Monday, March 4, 2013

Abney Associates: Public schoolboy hacker who masterminded £15m fraud is put in jail's IT class/BLOGGER

Abney Associates
Nicholas Webber, 21, was jailed for five years for running a criminal website He started his criminal career at £24,000-a-year Bradfield College Prison IT Teacher Michael Fox was made redundant after the incident Fox protests he had no idea Webber was a hacker One of Britain’s most notorious cyber criminals hacked into a prison computer system from inside jail – after he was allowed to join  an IT class.
Nicholas Webber, 21, jailed for five years in 2011 for masterminding a multi-million-pound internet crime site, triggered the security scare during a lesson. It is understood his actions caused ‘major panic’ but it is not clear what, if anything, he managed to access. The prison, HMP Isis in South London, blamed his teacher, Michael Fox, who was employed by Kensington and Chelsea  College. He was banned from the prison but the college cleared him of committing any security breaches at a disciplinary hearing last March. However, he was made redundant when no alternative work could be found for him. More... Pictured with piles of cash: The public schoolboy jailed for five years for masterminding £18m internet scam Computer hacker, 21, jailed for masterminding £27 MILLION fraud in his bedroom taking credit card details from unsuspecting  internet users On Friday, Mr Fox, from Bromley, Kent, began a claim for unfair dismissal, arguing that it wasn’t his decision to put Webber, the son of a former member of Guernsey’s parliament, in his class. He says he had no idea he was a hacker.
At a hearing at Croydon Employment Tribunal, Mr Fox accused the college of not doing enough  to find him another job. ‘The perceived problem was there was a tutor who had been excluded by the prison and charged with allowing a hacking expert to hack into the prison’s mainframe,’ he said. In a statement, the college’s business development director, Shanie Jamieson, said: ‘He [Mr Fox] did not feel he had done anything wrong as the student concerned was in his view a convicted computer hacker and should not have been allowed in his classroom.’Mr Fox’s tribunal hearing was adjourned until April.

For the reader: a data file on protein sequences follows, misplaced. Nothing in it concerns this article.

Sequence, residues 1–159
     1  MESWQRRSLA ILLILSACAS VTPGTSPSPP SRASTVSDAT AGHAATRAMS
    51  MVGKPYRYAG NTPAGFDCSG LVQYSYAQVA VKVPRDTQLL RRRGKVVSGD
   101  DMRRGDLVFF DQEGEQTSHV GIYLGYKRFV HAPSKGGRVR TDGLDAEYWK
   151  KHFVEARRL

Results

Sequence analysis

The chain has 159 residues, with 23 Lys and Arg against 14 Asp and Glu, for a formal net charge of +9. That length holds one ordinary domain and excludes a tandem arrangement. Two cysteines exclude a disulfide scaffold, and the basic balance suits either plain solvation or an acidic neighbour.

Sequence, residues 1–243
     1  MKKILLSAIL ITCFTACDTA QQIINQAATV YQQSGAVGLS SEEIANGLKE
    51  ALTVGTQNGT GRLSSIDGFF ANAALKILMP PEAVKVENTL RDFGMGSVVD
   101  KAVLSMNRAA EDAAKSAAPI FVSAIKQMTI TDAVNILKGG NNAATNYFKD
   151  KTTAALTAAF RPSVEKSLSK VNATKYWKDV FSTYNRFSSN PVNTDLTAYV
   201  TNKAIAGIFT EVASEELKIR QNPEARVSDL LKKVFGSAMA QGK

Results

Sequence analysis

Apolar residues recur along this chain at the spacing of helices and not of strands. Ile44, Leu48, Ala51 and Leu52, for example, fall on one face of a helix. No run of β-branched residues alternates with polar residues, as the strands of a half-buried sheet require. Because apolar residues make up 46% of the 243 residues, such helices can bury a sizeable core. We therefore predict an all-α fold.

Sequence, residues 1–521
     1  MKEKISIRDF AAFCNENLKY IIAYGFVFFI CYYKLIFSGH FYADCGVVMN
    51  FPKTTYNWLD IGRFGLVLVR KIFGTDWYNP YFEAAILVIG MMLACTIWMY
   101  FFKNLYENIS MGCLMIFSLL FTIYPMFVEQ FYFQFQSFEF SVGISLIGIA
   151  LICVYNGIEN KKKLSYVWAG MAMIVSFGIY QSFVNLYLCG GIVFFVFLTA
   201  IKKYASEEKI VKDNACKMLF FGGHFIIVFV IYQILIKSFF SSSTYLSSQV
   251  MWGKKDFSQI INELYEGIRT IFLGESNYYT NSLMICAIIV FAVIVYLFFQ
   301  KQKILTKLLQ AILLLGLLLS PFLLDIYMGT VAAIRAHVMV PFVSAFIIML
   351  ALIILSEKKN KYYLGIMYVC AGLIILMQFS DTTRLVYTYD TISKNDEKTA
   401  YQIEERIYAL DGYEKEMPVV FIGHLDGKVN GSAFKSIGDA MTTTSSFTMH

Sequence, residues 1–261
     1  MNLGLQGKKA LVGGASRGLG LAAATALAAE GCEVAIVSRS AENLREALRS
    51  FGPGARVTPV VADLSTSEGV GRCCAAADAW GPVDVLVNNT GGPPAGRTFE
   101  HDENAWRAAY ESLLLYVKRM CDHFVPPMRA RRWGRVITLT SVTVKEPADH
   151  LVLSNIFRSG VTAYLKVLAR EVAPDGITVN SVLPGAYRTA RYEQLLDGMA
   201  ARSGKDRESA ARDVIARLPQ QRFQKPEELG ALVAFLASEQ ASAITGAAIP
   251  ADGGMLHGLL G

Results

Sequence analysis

A Prison Service spokesman confirmed Webber was involved in the incident but declined to answer questions about it. He said: ‘At the time of this incident in 2011 the educational computer system at HMP Isis was a closed network. No access to personal information or wider access to the internet or other prison systems would have been possible.’The incident happened a year after the opening of the £110 million prison, which houses 18 to  24-year-olds. It has been beset by a series of technological problems caused by breakdowns in its cutting-edge biometric roll-call system where inmates have to leave an electronic thumbprint whenever they move from one part of the jail to another. Webber was only 17 when he created an internet forum for computer hackers with the potential to fleece up to £15 million from individuals and firms.
He was arrested for using fraudulent credit card details to pay for a penthouse suite at the Hilton Hotel in Park Lane, Central London. A court was told he set up GhostMarket after leaving £24,000-a-year Bradfield College, Berkshire, where he got into trouble for deleting friends’ detention records from the school computer. GhostMarket – dubbed a global ‘crimebook’ with 8,000 members worldwide – gave tips on how to create computer viruses, harvest credit card data and use it to pay for goods on eBay, as well as offering to sell details of 100,000 stolen credit cards. Police have documented £473,000 losses from 3,500 of the cards, but estimate they could have been used to steal £15 million. Webber, of Southsea, Hampshire, who once boasted online that he was ‘probably the most wanted cyber criminal just now’, also used stolen details to buy computers, video games, iPhones and iPods worth £40,000, and to pay for stays in luxury hotels.
Abney Associates


  1. Good article. I think I may be a little to late to vote though.

  2. Woah!
    I was surprise by this news.Only 21 of age, and yet now a website criminal?OMG.